Pa. man gets life without parole

June 21, 2000|By DON AINES

CHAMBERSBURG, Pa. - Timothy J. Ross was silent Wednesday in Franklin County Court as he was sentenced to life in prison without parole for first-degree murder.

"He's not a cold-blooded killer," his mother Belinda Mellott said after Ross received the mandatory sentence from Judge John R. Walker.

Ross, 26, of Chambersburg, was sentenced one week after a jury found him guilty of the March 1, 1998, shooting death of Drake Luckett, 34, of 217 Linden Ave.

"I think he should have gotten self-defense," said Mellott, who came to last week's trial from Johnstown, Pa. Ross had testified at the three-day trial he fired at Luckett outside Dave's Tavern, 401 S. Main St., when he saw him come out a side door crouched over and reaching beneath his sweater.


"We were shocked when they came up with first-degree. We thought it would be third-degree," said Serena Reaid of Chambersburg, Ross' half-sister. She said it was her opinion Ross should have been tried in a different county because of pre-trial publicity.

Walker ordered that Ross not be transferred from Franklin County Prison for 10 days so that he can stay in contact with his lawyers to prepare an appeal.

"At this point we know we will appeal, but the specific route depends on some tactical considerations," co-counsel David Yoder said Wednesday.

He said Ross could appeal his conviction directly to the Court of Common Pleas where he was tried, or go directly to the Pennsylvania Superior Court.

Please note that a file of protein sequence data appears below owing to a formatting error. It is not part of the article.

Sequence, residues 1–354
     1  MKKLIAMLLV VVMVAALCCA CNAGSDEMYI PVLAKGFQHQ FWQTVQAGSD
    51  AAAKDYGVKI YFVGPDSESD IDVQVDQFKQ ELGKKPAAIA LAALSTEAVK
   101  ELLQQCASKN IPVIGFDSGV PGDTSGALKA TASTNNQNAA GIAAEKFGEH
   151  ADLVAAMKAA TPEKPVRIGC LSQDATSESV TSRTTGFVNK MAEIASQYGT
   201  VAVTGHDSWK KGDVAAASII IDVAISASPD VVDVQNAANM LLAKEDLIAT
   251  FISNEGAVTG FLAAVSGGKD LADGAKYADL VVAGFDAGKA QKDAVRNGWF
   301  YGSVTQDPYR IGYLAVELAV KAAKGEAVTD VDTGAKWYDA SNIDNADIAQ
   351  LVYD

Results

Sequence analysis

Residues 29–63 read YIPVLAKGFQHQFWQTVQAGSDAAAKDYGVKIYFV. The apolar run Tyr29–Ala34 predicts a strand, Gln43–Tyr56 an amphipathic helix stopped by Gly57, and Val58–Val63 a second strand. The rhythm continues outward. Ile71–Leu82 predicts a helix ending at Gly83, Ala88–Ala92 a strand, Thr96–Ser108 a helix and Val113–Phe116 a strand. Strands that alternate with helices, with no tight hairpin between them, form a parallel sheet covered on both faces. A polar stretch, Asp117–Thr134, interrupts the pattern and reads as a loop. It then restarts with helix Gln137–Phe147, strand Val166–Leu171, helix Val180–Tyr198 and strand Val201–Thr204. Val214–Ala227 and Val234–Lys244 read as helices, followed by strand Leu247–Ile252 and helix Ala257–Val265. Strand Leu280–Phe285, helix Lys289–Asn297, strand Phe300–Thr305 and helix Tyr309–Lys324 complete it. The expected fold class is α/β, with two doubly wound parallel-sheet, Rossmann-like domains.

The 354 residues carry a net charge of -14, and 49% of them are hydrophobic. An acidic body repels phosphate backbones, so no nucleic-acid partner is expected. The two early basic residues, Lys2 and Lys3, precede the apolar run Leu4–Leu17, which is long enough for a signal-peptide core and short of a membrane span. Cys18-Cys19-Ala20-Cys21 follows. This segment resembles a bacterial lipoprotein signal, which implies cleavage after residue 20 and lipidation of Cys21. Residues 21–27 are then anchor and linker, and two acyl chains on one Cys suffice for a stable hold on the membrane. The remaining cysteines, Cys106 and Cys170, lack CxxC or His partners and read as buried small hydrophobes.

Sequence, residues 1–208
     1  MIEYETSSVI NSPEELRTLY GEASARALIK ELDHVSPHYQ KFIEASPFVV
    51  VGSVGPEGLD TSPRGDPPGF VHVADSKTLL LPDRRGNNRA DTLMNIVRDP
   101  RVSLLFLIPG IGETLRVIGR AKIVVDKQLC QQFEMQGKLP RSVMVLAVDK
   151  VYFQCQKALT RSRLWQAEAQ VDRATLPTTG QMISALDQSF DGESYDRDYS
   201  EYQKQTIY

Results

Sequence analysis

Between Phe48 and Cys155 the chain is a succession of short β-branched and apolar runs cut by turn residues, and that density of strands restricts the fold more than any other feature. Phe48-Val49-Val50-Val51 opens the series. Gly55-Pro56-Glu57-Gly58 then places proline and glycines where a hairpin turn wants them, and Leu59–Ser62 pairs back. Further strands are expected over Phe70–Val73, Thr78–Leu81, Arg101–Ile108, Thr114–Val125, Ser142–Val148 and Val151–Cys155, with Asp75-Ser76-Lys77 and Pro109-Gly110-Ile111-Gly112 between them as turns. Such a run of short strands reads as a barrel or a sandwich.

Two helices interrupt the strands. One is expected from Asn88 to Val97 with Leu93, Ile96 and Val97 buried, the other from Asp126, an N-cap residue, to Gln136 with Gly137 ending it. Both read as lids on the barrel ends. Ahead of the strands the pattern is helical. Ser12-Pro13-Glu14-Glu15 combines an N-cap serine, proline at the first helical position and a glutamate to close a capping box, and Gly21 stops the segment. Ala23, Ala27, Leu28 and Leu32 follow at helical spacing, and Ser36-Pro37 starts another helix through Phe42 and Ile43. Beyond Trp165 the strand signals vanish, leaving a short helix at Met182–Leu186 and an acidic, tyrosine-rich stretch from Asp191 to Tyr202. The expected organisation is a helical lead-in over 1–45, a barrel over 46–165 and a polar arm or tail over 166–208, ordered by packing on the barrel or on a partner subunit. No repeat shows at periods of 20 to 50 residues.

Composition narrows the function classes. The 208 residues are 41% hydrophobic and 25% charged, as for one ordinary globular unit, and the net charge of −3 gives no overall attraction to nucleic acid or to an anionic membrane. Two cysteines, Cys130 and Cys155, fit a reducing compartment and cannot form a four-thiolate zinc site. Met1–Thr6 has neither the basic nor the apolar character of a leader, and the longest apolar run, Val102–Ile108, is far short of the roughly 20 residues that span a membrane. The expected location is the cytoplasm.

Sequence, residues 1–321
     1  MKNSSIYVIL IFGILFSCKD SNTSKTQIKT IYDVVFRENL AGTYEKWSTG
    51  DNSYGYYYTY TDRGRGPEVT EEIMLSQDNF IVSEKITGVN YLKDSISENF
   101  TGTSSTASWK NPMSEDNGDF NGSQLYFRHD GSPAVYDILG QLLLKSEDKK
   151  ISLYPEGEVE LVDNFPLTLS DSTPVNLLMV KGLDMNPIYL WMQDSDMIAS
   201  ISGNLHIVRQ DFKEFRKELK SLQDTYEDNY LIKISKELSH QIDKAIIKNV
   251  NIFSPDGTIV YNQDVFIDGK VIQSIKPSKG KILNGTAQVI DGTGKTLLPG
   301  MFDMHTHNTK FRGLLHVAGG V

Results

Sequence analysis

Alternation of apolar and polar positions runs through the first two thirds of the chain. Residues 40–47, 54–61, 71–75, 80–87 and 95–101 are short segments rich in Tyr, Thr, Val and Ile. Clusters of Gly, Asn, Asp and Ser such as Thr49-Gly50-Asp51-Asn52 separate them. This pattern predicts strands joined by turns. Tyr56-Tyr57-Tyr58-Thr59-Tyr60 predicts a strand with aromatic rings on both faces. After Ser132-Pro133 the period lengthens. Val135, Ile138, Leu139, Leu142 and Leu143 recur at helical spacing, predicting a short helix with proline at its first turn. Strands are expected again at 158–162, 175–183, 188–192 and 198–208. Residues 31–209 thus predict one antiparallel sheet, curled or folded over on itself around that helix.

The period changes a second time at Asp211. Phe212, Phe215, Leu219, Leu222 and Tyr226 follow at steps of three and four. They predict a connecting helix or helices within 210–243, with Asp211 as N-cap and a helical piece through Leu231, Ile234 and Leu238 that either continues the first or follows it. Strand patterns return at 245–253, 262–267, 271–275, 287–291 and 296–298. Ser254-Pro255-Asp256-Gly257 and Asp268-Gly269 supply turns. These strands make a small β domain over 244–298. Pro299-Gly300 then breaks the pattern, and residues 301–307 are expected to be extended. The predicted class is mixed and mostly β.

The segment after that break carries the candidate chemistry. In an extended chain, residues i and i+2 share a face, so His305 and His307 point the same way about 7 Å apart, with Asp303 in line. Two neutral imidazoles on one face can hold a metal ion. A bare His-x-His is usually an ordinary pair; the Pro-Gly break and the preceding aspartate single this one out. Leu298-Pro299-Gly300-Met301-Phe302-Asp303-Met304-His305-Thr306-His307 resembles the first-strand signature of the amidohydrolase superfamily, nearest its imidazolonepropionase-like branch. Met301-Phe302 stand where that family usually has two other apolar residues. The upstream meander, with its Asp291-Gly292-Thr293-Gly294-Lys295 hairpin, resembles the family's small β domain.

Yoder said a motion for reconsideration could result in Walker either denying the appeal, or granting Ross a new trial.

Walker told Ross he has 10 days to file the appeal. If the judge denies it, Ross would have 30 days from Walker's decision to appeal to Superior Court, Walker said.

The jury deliberated four hours before finding Ross guilty of first-degree murder. Ross and Luckett, who had never met before the night of the shooting, had a confrontation in the bar after Ross greeted him with a racial slur.

Ross testified he had mistaken Luckett for a friend and Assistant District Attorney David Rahauser stressed during the trial that there was no racial aspect to the shooting. Luckett was new in town, but Ross was friends with a number of the bar's black patrons.

Ross testified he had been given the gun by a friend to protect himself from Luckett. Despite his testimony that he believed Luckett was about to attack him, there was no evidence at the trial that Luckett had a weapon.

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